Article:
Last time I checked it was a violation of the California Business and Professions Code for an unlicensed person to practice architecture or to use the term 'architect' or even a term confusingly similar in advertising or promotion of their business. The Calif. Architects Board should be made aware of this. Brenda, if you'd prefer not to report this to the CAB I will be happy to.
Almost as offensive as their unlicensed practice is their promotion of the idea that the design process can be reduced to an algorithm! I'd like to believe that this is NOT the future of architecture!!
T. Kent Prater, AIA, NCARB, LEED AP
Generally, stupidity is not a crime and this appears to be a case in which an uneducated journalist is the root of the problem. If you actually read the article, it is the writer who mischaracterizes them as architects and not the would-be designers (as there is no quotation offered in which they hold themselves out as architects).
I doubt the reporter faces any jeopardy for their error, but it would be worth seeing if the site on which the article is posted is willing to post a correction and fix the inaccurate statement....perhaps the CA Board could assist with that.
John Robert Edwards, AIA, NCARB
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I am licensed in 7 states as an "Architect". In California, I do residential work but cannot title myself or drawing sheets as "architect".
ALLEN E NEYMAN, AIA O 301-251-1412 C 301-351-7264
And this is a valid point Allen is making here: (tangential to this thread, but nonetheless significant): why does the California BOA believe it is like a whole other planet? While it SAYS it complies with NCARB reciprocity (for Architects licensed in other states), why does it then also mandate that you have to also take their own special giant test (which probably requires about year to prepare for it)? Most other states recognize and comply with the basic NCARB reciprocity. I've done this for all of my licenses, since first becoming licensed in FL decades ago (as no doubt many of us here on this blog have). Why does CA believe its circumstances are so special they're not found anywhere else in the USA (or world), that requires special preparation and testing? Most of the states where I'm licensed are seismic, some are almost entirely coastal (e.g.: Dade Cy sets high wind standards for building codes), many of them have special environments, and some of them have requirements more demanding than situations in CA. What CA requires to obtain "reciprocity" seems excessive and to no reasonable purpose and a thinly veiled backhand to the intent behind Countrywide reciprocity as envisioned by NCARB. That being said, that doesn't change the fact that if con men claim to be licensed somewhere and in reality aren't, they should be reported.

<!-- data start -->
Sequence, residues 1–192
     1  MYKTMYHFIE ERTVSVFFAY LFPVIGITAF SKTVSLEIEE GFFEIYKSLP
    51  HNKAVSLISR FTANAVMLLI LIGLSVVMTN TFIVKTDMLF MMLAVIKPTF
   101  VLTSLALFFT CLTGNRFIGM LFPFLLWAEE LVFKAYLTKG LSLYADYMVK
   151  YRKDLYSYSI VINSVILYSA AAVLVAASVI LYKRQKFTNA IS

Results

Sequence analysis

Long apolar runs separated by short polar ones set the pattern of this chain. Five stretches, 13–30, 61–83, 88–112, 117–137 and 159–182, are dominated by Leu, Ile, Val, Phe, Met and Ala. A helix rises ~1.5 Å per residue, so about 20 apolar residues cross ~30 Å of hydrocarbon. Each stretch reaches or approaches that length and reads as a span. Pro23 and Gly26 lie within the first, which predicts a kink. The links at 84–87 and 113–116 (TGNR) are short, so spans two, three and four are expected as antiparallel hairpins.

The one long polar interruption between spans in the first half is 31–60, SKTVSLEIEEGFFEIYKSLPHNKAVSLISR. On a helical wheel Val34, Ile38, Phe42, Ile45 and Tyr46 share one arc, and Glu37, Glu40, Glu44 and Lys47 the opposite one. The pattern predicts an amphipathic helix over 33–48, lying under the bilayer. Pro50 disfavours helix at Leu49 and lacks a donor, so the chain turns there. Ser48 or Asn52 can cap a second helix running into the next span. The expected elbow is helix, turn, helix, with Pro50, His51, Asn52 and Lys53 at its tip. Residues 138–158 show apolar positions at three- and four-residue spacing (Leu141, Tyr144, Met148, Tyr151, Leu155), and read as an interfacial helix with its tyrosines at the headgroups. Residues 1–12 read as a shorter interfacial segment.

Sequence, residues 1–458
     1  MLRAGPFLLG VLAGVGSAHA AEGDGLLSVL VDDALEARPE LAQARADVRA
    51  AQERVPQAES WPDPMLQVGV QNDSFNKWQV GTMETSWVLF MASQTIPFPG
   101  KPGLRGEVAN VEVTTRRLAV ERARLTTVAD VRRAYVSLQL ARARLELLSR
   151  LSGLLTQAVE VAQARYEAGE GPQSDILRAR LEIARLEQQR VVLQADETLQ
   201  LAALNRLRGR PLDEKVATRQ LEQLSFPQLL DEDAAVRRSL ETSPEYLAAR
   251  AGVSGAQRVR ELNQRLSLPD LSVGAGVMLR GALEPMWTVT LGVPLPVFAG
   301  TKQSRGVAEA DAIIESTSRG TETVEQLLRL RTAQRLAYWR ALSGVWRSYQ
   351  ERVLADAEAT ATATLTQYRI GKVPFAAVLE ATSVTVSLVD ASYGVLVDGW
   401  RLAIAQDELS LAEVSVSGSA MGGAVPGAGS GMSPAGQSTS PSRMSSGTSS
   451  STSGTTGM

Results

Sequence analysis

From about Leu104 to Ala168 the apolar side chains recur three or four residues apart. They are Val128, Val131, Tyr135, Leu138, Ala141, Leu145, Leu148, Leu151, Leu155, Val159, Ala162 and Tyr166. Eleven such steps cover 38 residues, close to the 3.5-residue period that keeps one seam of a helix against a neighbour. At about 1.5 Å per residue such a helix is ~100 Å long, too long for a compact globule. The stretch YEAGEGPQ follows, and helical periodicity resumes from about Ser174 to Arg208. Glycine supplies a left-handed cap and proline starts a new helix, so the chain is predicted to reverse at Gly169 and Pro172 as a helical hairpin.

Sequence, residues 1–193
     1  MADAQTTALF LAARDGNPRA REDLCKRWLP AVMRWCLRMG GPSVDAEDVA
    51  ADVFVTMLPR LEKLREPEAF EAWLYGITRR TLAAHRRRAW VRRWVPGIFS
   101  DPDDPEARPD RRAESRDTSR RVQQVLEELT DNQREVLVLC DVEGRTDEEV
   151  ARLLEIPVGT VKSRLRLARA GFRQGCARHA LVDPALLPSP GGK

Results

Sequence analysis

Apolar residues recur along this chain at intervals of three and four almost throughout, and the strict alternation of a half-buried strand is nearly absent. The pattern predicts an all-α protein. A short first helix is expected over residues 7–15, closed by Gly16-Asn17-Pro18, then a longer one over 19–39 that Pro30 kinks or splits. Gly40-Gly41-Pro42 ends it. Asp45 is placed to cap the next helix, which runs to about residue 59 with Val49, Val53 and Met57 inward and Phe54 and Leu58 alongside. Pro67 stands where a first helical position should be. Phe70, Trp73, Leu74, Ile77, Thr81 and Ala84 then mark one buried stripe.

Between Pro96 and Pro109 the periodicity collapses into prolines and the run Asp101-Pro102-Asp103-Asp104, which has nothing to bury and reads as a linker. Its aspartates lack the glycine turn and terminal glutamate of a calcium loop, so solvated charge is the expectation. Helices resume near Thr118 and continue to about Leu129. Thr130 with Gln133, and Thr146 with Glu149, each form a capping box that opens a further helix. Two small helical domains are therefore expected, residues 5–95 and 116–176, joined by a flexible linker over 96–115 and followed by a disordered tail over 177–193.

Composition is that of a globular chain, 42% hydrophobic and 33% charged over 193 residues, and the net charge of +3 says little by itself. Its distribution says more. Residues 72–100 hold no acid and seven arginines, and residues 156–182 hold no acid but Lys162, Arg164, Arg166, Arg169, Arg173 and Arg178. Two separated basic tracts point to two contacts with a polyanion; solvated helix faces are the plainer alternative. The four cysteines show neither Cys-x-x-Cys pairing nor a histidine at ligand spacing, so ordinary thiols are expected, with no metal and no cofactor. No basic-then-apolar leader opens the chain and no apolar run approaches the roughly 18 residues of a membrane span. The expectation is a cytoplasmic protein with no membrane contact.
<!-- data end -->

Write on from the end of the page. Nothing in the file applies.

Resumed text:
Rand Soellner Architect ArCH /NCARB /LHI /MA Arch
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I believe Jared hit the nail on the head. The issue with this article is most likely with the writer and not the two entrepreneurs. As we have all seen, the media has co-opted the word Architect to mean anyone who is involved with creating something, whether it's a sports team, foreign policy, or software. Not surprisingly, I suspect that the general public is beginning to lose their understanding of an Architect as a licensed individual who designs buildings. I've posted this photo before of an LA business that I often drive by… and just roll my eyes :-)
But I have to commend Cover for looking to technology for an answer to our affordable housing problem. I recently watched an on-line video showing a Russian company using 3D printing to create a 400 s.f. house in 24 hours for $10,000. Both technologies may still need development before becoming readily available housing options, but it took less than 10 years for smart phones to become an indispensable part of our lives.
Thank you Brenda for sharing the article and starting this discussion.
Yes. The State of CA and every other State of which I am aware takes this seriously. Some guy in TX calling himself "Backyard Architects" (who wasn't) is now looking at a $200,000 fine. The public should be protected from illegal practice, just as a person claiming to be an Engineer, Doctor, Lawyer, or CPA should be truthful or face the consequences. People & property can be damaged. That's why we go to college & graduate school, apprentice under watchful other licensed Architects, obtain experience, document that experience, take tests, obtain more experience, then earn a license to practice, then have to take CEUs every year. It's not just a piece of paper. Designing a house is ranked as one of the most complicated types of projects an Architect can design. And while there are exceptions in States allowing some categories of homes to be designed by unlicensed people, claiming to be an Architect and then offering your services to do that will likely be recognized as breaking the law just about anywhere in the USA. Thanks for catching these rascals in the act. Report 'em.